The results of a hepatitis C antibody test and a hepatitis C RNA polymerase chain reaction (PCR) test were reactive. Test results for HIV, gonorrhea, chlamydia, and hepatitis B were negative, as were rapid plasma reagin test results. Thus, this patient most likely has an acute hepatitis C virus (HCV) infection. The fact that she was screened 5 months earlier and had negative test results indicates that this is presumably a new, acute HCV infection. In the absence of prior test results, distinguishing between an acute HCV infection and an exacerbation of a chronic infection is more challenging.
As many as 80% of patients with acute hepatitis C do not present with any symptoms. Of those who do have symptoms, most present with nonspecific ones, such as fever, fatigue, decreased appetite, nausea, vomiting, or abdominal pain. Some patients have dark urine, pale feces, or joint pain. Although jaundice is commonly associated with hepatitis, only about 5% of patients with hepatitis C present with jaundice. Figure 1 shows HCV-related jaundice in a different patient.
The nonspecific presenting symptoms of hepatitis C are easily confused with those of other conditions, such as symptoms of early pregnancy, as in the patient in this case. Although her symptoms may be attributable to either her pregnancy or an acute HCV infection, her prenatal laboratory results that show positive hepatitis C antibodies and viral load are not indicative of a normal pregnancy. This patient's mild elevation in liver enzyme levels requires additional consideration in pregnancy; however, most conditions during pregnancy that result in elevated liver enzymes arise later in gestation.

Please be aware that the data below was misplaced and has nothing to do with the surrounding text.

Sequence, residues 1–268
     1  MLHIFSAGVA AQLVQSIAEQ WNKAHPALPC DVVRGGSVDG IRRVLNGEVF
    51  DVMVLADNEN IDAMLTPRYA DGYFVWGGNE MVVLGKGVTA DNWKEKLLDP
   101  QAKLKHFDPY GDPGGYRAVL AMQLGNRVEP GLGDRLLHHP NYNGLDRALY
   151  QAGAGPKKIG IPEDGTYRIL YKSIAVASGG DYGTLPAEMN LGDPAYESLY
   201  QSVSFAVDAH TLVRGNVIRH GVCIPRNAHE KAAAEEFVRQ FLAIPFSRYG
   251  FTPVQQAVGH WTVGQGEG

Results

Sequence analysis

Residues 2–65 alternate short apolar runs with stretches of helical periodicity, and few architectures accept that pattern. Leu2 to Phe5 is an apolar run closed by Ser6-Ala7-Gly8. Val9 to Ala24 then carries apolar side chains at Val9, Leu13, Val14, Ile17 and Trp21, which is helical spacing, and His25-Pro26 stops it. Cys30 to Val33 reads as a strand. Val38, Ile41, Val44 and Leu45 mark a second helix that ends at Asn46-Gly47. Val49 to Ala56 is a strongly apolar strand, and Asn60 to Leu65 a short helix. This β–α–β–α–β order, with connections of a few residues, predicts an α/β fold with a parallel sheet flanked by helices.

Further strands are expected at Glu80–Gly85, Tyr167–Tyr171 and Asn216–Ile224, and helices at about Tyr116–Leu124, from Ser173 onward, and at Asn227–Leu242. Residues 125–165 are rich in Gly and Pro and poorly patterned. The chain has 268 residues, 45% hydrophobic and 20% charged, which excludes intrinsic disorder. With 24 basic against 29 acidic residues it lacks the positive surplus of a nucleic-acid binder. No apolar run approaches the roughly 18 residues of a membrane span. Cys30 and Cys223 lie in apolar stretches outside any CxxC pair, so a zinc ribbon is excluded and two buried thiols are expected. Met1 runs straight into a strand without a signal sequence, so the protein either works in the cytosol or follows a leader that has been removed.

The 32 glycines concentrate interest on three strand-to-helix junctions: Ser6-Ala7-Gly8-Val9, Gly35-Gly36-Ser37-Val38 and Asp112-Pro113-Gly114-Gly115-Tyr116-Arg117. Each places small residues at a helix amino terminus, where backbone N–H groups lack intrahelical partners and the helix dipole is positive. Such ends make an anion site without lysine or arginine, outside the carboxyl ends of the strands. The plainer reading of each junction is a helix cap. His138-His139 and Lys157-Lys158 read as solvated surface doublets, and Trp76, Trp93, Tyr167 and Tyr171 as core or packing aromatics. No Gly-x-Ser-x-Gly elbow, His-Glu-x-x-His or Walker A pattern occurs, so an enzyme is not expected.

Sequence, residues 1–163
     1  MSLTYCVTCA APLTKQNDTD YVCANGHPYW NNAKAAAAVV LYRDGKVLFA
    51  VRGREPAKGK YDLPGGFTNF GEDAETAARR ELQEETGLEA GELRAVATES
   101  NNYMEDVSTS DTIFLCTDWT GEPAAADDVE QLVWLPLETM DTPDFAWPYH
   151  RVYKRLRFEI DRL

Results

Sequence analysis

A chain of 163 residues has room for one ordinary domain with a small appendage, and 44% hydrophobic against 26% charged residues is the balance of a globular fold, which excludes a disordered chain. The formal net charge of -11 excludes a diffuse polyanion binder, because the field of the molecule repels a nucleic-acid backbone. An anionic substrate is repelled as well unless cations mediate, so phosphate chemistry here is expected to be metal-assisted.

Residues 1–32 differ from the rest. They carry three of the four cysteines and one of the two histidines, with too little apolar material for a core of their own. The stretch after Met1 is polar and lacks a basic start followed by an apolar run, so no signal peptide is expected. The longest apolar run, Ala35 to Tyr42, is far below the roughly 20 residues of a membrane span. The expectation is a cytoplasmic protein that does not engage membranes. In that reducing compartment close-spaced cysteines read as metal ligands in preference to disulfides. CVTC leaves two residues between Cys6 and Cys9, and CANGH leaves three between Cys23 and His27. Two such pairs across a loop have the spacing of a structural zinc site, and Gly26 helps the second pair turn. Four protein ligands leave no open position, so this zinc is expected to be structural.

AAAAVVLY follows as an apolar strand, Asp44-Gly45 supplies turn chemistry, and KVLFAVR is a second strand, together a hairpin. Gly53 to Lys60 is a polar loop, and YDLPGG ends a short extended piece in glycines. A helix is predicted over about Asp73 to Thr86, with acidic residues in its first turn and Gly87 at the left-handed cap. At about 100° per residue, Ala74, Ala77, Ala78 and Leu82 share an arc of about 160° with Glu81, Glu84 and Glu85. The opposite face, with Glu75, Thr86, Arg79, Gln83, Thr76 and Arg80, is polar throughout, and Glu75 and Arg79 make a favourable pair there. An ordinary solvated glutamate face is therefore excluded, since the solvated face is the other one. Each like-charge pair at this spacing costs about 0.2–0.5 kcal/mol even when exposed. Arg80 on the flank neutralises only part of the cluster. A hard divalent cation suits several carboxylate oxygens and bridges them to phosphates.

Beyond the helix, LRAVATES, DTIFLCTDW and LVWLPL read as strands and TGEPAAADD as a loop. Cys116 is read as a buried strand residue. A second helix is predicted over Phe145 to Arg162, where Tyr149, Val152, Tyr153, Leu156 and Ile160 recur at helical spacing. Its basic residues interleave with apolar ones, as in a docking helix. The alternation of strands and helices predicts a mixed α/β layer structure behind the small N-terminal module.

Preeclampsia cannot be diagnosed earlier than 20 weeks' gestation and is usually accompanied by elevated blood pressure and proteinuria. In preeclampsia with severe features and elevated liver enzymes, additional laboratory derangements such as thrombocytopenia < 100 × 109/L and evidence of hemolysis may also be present. These findings are indicative of HELLP (hemolysis, elevated liver enzyme levels, low platelet levels) syndrome.
Acute fatty liver of pregnancy is typically diagnosed in the third trimester or the immediate postpartum period, although rare cases in the second trimester have been reported. This patient's gestational age of 7 weeks 1 day is inconsistent with both preeclampsia and acute fatty liver of pregnancy.
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